- Flathead Screwdriver

- Block Off Plate
- Gasket
- Reused Screws

You can get this stuff at the local dealership or online (cheaper) at one of these places.

Here’s the antenna. Undo the two screws and yank it out. Make sure to unplug the other end from the stereo.

Awful picture of the antenna on the ground:

The left over hole:

The two parts, I spent about 10 bucks on both:

Put them on with the old screws:

Admire your work:

The CRX no longer looks like an RC car! Quick and easy (mehbe not too important) but it was certainly worth it to me.

3 responses so far

Jul 09 2008

DIY Front Grill Block

The front grill block is on of the quickest, easiest, and cheapest ways to cut down on aerodynamic drag in your vehicle. While it doesn’t amount to much, it does make a difference, especially considering that a large amount of aerodynamic drag is caused by this opening. It’s best to leave it only partially blocked so that the radiator recieves some airflow, however, a large block is okay because radiators are typically larger than they need to be, and fuel economy drivers tend not to abuse their engines too heavily.

Many new cars, including certain Mercedes and Hondas use electronically controlled radiator shields that open/close depends on engine cooling requirements. Take a look at this Civic for an idea what this looks like:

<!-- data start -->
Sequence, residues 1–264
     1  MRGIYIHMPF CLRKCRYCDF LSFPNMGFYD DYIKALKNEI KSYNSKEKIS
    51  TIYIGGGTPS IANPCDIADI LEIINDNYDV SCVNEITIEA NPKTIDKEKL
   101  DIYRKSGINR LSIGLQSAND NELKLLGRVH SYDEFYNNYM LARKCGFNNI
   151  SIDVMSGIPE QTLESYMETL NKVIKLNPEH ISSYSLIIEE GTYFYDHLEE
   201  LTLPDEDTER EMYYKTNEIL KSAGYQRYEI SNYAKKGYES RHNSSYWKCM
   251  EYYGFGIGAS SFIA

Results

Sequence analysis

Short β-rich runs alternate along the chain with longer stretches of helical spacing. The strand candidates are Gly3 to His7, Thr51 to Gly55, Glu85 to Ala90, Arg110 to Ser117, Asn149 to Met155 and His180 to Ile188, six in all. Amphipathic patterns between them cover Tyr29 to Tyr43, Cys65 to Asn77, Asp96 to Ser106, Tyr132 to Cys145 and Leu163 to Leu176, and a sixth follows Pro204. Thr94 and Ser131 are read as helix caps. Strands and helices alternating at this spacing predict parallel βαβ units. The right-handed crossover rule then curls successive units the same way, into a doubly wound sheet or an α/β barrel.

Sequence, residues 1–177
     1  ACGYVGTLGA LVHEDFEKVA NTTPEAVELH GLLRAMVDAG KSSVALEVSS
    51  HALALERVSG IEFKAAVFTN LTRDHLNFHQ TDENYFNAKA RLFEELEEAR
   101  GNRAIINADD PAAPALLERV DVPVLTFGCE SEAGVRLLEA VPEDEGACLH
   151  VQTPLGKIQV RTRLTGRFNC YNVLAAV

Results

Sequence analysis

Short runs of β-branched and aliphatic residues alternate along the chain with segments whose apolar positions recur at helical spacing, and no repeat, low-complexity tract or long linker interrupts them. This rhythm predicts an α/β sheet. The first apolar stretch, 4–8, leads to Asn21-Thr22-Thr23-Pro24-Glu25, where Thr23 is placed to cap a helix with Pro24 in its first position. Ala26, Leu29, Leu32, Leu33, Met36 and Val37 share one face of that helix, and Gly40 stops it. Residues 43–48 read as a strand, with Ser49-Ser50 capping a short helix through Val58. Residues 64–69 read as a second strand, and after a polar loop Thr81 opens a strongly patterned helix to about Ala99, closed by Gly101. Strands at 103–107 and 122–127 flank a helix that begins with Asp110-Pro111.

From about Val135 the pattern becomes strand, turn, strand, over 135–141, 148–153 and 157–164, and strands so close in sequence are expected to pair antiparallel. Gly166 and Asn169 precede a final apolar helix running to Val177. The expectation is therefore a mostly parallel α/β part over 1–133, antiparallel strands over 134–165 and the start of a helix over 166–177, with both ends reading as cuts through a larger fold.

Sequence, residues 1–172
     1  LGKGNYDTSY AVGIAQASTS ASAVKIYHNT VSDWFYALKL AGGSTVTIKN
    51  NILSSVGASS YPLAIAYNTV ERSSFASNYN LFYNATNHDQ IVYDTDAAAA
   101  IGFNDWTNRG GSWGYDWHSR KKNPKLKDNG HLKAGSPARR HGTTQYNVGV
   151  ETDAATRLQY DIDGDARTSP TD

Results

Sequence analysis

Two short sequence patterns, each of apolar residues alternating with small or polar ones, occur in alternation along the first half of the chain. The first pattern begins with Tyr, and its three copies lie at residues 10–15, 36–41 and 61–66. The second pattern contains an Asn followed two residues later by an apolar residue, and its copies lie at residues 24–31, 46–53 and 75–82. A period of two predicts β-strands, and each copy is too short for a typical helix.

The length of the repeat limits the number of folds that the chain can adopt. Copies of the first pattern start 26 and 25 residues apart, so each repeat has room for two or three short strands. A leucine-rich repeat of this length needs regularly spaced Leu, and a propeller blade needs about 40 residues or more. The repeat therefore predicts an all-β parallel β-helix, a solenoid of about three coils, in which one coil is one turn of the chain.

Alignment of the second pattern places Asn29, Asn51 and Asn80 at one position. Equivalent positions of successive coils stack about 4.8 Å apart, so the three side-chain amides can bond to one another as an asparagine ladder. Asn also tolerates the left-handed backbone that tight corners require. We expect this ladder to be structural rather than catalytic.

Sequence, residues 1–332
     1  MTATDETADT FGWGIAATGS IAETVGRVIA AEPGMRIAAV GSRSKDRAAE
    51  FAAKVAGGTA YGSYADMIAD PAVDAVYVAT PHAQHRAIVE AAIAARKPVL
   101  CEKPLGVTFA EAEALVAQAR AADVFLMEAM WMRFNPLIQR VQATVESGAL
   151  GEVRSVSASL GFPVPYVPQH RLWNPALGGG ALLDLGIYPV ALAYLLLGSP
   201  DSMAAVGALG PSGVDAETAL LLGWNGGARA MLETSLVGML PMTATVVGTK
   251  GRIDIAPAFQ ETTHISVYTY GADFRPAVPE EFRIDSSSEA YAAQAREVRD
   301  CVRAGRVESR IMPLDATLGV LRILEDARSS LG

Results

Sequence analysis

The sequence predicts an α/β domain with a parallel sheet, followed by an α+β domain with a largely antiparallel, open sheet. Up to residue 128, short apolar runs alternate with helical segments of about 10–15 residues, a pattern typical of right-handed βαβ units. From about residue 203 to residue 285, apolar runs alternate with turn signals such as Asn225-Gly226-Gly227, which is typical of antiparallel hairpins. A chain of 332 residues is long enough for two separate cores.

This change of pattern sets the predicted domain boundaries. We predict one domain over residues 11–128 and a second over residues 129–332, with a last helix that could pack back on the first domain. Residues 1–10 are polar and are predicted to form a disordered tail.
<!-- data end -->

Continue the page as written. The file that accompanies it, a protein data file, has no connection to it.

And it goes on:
Purpose: To prevent air from entering the grill to reduce drag as it moves through the radiator and engine bay.

Time: 1-3 hours depending on complexity of project

- Hobby Knife
- Hot Glue Gun

- Coroplast
- Spray Paint
- Foam (for modeling)

I chose to repaint the trim on my bumper as well as do the grill block at the same time, so first I removed the bumper. If you leave it on you can get it done much more quickly, but that’s up to you. Just follow my mounting instructions with the bumper on the car.
Click here to see how to remove your bumper (as shown in the wire tuck page).
This is my bumper removed, you can see the grill opening as well as the two pockets on the side. The side pockets are not supposed to cause much drag but I covered them anyway just to smooth thing out as much as possible:

Here’s another shot to get an idea of the bumper’s geography:
I used this style of insulation foam to make templates because it is easy to work with:
One of the templates sitting in a side pocket: